Strength Training

By Leo Isaac

After more than 40 years in the sport of Olympic Weightlifting, I am still doing my best to learn what makes a person become a great athlete, someone who can top the national ranking list, someone with the capability to compete in the international arena with distinction. I can tell you, it’s a puzzle, it’s still a puzzle to me! As I cast my mind back through all my years of coaching experience, right back to those halcyon days when I was a lifter, I try to think about the personalities of successful athletes I have known, the training that was done, and the experiences I have witnessed on the competition platform.

 

I have studied technique, I have investigated the sciences, I have experimented with training programs and in short, I have looked under every stone in an effort to find any secret of success. And I keep looking, thinking, reading and researching.

What is my latest view? Yes, my views have changed, and changed . . . . . . and changed. But through the mist of time and experience, there comes a theme, a proposition of undeniable truth, an inescapable reality.

The Olympic Weightlifter is a person who, for reasons that are most often unclear, has a deep and abiding love for strength training and the physicality that it brings. The illusion that we all have had at some time is that the gaining of perfect technique will somehow elevate the ordinary individual into the stratosphere of high performance. While differences among athletes in technical ability do profoundly influence the results of elite level competition, the attainment of elite status in the first place will largely be determined by the individual’s capacity to acquire the physical power and strength attributes required of the Olympic Weightlifter.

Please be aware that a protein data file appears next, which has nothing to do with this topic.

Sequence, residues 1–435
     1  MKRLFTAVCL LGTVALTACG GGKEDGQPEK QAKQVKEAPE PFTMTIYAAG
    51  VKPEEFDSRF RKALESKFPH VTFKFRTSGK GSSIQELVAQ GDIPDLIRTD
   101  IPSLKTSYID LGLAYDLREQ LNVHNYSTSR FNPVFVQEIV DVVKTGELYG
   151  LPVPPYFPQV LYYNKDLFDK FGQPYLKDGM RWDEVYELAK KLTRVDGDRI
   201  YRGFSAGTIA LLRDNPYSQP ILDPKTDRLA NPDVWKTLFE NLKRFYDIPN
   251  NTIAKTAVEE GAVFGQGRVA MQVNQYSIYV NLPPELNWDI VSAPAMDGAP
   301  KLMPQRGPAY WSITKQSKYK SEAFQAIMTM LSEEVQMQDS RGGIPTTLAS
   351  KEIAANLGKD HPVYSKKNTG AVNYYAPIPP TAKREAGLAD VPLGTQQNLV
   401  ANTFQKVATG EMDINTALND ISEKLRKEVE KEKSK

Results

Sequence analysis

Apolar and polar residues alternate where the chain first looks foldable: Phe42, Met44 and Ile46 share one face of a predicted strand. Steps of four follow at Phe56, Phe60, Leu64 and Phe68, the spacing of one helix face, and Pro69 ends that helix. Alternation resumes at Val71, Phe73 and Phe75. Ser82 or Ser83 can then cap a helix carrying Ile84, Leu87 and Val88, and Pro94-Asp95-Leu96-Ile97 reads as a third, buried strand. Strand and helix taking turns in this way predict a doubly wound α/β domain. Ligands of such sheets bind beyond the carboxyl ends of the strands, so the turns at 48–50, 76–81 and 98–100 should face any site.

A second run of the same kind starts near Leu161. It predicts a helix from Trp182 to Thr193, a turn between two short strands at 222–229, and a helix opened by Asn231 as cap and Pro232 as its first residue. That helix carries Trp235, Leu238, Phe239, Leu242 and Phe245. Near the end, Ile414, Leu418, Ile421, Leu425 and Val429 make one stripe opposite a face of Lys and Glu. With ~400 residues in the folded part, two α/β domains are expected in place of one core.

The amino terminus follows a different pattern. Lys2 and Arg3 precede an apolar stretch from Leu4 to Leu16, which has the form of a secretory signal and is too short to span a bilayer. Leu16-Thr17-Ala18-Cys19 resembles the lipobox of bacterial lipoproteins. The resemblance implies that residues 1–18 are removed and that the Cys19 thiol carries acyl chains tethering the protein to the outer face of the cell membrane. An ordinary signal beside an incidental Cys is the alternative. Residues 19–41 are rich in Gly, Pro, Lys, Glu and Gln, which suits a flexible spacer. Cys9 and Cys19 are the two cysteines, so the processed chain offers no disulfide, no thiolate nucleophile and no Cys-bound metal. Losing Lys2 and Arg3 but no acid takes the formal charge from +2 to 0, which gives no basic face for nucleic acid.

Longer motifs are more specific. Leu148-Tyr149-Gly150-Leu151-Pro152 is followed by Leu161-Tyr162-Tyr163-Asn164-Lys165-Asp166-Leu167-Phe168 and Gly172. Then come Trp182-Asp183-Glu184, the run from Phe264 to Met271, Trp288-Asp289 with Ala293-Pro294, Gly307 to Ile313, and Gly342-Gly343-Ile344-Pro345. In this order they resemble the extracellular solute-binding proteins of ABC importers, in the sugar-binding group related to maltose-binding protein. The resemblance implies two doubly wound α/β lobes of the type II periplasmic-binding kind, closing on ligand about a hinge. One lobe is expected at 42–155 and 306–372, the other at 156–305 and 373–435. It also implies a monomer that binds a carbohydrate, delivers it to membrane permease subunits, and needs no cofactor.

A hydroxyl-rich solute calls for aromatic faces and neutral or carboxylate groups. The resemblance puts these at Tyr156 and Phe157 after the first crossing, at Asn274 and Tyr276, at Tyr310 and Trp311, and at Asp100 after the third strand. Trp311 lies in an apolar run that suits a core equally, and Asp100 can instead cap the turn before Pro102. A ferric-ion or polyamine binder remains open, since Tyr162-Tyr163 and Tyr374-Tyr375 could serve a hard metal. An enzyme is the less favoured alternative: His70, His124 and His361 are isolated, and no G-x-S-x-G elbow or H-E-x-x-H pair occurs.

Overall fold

It does not pay to assume that all elite Weightlifters are born with a greater capacity for power and strength development. Irrespective of whatever views you have about the genetic traits of elite Weightlifters, the journey from day 1 to day 1,500 and beyond must involve a sophisticated and chronic overload process that leads to the acquisition of great strength. The process must be sophisticated because a great deal of effort must be made to minimise and manage injury and specific measures must be employed for nutrition and recovery to maximise the potential for gains. The process is chronic because the training stimulus is virtually daily, consistently on an unending basis without interruption.

As a coach, I am still going to make every effort to perfect the technique of the individuals in my charge. But I am also now aware that my job is to make athletes believe in themselves, and in this regard if I can encourage them to develop great power and strength, along the way they change physically and mentally. Once this starts to happen, a new level of self-confidence is achieved and barriers to performance begin to fall.

 

Lionel